"In fact," he added, "Iran has already dismantled thousands of centrifuges that enrich uranium."
5. "Standing strong against terrorism"
Over the past week, the president has urged Americans to stay united in the face of terror threats, after the recent shooting in San Bernardino left the nation wary of future strikes.
"Even as we continue to grieve over the attack in San Bernardino, we're leading a global coalition and hitting ISIL harder than ever," Mr. Obama said, using a different acronym for the Islamic State of Iraq and Syria, or ISIS. "In Syria and Iraq, ISIL is losing territory, and we're not going to stop until we destroy this terrorist organization."
4. The Trans-Pacific Partnership
In October, Mr. Obama's legacy-defining trade deal involving 12 Pacific Rim countries was sealed, with provisions to cut trade barriers, protect labor and environmental interests and ensure intellectual property rights. In his Saturday video, the president called the Trans-Pacific Partnership the "strongest, most pro-worker, pro-environment trade agreement in our history."
3. Bipartisan budget and education deals
In an era where partisan bickering in Washington has reached a fever pitch, the president chose to highlight two bipartisan legislative achievements. He pointed to a sweeping education overhaul of No Child Left Behind and a budget deal that avoided the threat of a government shutdown, calling them "a pair of Christmas miracles in Washington."
2. The legalization of same-sex marriage
"Love won," the president said, referring to the Supreme Court's landmark 5-4 decision that same-sex couples have a constitutional right to marry. "No matter who you are, here in America, you're free to marry the person you love because the freedom to marry is now the law in all 50 states."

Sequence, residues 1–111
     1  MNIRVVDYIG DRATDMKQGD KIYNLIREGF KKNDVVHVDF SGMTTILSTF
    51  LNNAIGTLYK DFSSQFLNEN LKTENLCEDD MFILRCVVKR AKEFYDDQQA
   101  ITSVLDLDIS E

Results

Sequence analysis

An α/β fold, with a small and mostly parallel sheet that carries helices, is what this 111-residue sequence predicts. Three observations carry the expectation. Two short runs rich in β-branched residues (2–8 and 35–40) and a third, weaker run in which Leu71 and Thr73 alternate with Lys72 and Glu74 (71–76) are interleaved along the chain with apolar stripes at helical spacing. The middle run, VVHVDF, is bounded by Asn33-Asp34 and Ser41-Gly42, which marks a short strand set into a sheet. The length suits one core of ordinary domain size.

1. "The American people"
"All of this progress is because of you -- because of workers rolling up their sleeves and getting the job done and entrepreneurs starting new businesses," Mr. Obama said Saturday. "Because of teachers and health workers and parents -- all of us taking care of each other. Because of our incredible men and women in uniform, serving to protect us all. Because, when we're united as Americans, there's nothing that we cannot do."
Senate Majority Leader Mitch McConnell also celebrated the end of the year with his own year-end list, proclaiming that the Senate has been restored to "high purpose."
"I'm proud of what the new Republican majority has accomplished," the Kentucky senator said in a video Saturday, slamming the previous Senate as "a mess."
McConnell listed what he saw as legislative wins for Republicans, including the approval of a federal highway bill, a veterans health care measure and the passage of anti-human trafficking legislation.
"Many issues languished in the old Senate for years," he said. "Some were assumed to be too difficult for any Senate majority to address. But the Republican Senate ... tackled each of them."
"And the president signed most into law," McConnell added.